A Sunday newspaper, originally launched to report the grim news from the Great War’s opening exchanges, has celebrated its 100th birthday.
The Sunday Post marked the milestone with a free souvenir special which tells the extraordinary history of a publication, dubbed the ‘most successful weekly newspaper in the world’.
Owners D C Thomson brought out a 96-page centenary magazine with yesterday’s edition reflecting the way the Post has evolved into a riveting fun-filled mix of news, short features, sentimental stories and classic comic strips.
The birthday issue included iconic front pages plus pictures and heart-warming tales from every decade of a newspaper which once boasted up to three million readers – and still circulates throughout its Scottish heartland as well as Northern Ireland and parts of northern England.
“The paper’s place in Scottish society and the affection felt for it is unique, so we’re delighted to share this momentous occasion with our readers.”
The Sunday Post, first published just weeks after the outbreak of World War One, continued when global hostilities ended in 1918.
Mention the Sunday Post today and what immediately springs to mind for most readers are two comic strips – The Broons and Oor Wullie.
These first appeared in the 1930s and have continued until the present day. Like the Simpsons, the cartoon characters remain the same age no matter what year the paper is published in.
The souvenir issue contained archive material of The Broons and Oor Wullie; a page dedicated to the comic strips’ guest stars, from Sir Alex Ferguson and Andy Murray to Alex Salmond and Gordon Brown; alongside a reprint of the first ever ‘Fun Section’.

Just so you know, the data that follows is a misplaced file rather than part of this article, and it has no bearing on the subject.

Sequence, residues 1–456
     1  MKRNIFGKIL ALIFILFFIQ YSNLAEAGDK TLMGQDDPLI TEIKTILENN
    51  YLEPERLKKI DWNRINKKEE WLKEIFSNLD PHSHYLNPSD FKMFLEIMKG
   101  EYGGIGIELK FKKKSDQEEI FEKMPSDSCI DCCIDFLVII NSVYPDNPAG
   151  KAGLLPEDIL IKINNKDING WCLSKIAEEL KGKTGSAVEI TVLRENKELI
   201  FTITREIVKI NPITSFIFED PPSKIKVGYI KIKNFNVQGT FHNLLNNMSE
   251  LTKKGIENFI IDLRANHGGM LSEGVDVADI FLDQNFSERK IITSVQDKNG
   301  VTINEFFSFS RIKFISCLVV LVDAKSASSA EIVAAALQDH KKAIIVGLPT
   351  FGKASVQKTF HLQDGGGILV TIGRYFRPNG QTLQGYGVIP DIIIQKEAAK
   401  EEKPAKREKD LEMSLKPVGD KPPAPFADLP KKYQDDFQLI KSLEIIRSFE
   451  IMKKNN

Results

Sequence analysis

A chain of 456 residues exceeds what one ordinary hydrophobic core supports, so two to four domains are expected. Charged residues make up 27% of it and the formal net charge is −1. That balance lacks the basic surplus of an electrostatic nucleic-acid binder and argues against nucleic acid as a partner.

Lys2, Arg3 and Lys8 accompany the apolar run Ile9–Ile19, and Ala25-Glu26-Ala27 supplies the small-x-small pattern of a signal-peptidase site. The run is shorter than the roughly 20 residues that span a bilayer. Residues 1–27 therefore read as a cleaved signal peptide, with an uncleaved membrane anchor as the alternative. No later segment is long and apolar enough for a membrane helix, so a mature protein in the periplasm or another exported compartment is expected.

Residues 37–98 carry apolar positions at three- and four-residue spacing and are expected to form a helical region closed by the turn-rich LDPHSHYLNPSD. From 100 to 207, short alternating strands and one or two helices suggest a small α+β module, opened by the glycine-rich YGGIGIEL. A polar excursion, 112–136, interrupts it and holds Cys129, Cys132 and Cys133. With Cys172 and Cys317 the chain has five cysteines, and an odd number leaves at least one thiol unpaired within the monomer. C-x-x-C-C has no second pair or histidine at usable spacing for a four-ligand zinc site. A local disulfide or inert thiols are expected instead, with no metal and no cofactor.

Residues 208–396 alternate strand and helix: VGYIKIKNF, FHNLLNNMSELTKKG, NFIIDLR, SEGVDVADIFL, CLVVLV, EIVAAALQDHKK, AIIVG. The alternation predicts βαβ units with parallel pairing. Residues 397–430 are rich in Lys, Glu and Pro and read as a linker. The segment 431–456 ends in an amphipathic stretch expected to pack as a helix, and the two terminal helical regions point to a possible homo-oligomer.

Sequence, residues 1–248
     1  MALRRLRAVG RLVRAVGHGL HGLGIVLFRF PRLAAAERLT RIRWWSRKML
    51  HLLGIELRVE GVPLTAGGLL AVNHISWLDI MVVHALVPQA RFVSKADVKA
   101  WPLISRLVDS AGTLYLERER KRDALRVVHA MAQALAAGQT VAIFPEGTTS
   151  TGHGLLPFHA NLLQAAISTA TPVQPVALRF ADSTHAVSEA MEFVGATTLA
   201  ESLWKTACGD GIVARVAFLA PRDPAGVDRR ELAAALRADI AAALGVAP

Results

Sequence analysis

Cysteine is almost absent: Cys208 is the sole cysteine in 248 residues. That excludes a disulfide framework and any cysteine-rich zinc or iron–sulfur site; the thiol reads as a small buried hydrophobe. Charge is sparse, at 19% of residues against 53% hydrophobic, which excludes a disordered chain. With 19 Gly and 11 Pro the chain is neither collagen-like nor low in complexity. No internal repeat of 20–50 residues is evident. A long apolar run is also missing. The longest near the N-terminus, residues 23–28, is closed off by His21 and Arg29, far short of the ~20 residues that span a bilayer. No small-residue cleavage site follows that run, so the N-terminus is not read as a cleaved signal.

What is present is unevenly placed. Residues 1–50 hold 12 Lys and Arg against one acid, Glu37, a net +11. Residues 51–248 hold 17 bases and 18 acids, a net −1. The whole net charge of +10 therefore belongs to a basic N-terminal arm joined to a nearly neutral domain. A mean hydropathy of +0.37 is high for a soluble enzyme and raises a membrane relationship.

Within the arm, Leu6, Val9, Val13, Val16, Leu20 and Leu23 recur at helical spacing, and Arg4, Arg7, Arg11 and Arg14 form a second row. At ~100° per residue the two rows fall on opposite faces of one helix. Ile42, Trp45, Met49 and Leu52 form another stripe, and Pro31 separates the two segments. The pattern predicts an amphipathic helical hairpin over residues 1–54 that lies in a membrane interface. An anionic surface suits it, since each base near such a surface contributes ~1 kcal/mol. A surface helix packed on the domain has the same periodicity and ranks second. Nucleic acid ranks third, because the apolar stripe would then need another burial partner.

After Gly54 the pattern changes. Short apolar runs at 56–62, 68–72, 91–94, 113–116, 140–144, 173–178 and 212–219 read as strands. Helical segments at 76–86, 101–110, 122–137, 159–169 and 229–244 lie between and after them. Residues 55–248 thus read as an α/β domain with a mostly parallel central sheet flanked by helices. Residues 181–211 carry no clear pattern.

“Our special souvenir edition includes the paper’s take on everything from the millennium to Churchill and the moon landings, Maggie Broon’s wedding to Oor Wullie’s brother – and everything in between,” added the paper’s 21st century editorial chief.
“The supplement is a wonderful walk down memory lane and really is 96 pages you won’t want to miss,” said Donald.
Last weekend saw the paper’s special birthday featured in a BBC Scotland documentary called A Century of Scottish Sundays: 100 Years of the Sunday Post.
While The Sunday Post has an office in Glasgow – and DC Thomson is the last newspaper publisher to have a major presence on Fleet Street –the filming centred on the city of its birth, Dundee.
The programme included commentary from two of its famous columnists –Lorraine Kelly and Lesley Riddoch –and some extraordinary footage about the company from 1911 that was commissioned by David Coupar Thomson himself, a very early example of corporate video.
In the 1950s, when the newspaper was confined largely to Scotland, sales of the Post were so high that it was recorded in the Guinness Book of Records as the newspaper with the highest per capita readership penetration of anywhere in the world.
It has seen a slow decline, in 1999 having circulation of 700,000, dropping to 158,059 in the latest ABC figures.
- Next Sunday (Oct 12) the paper will launch a new magazine supplement, In10. The 48-page lifestyle magazine has been created around the idea of top 10s. Reflecting the busy lives of its readers, the publication’s new addition is full of ideas for ‘living the life you love’.
The magazine will feature an Entertainment and What’s On section, Food, Homes and Gardens, Travel, Days Out, Celebrity, Shopping and TV.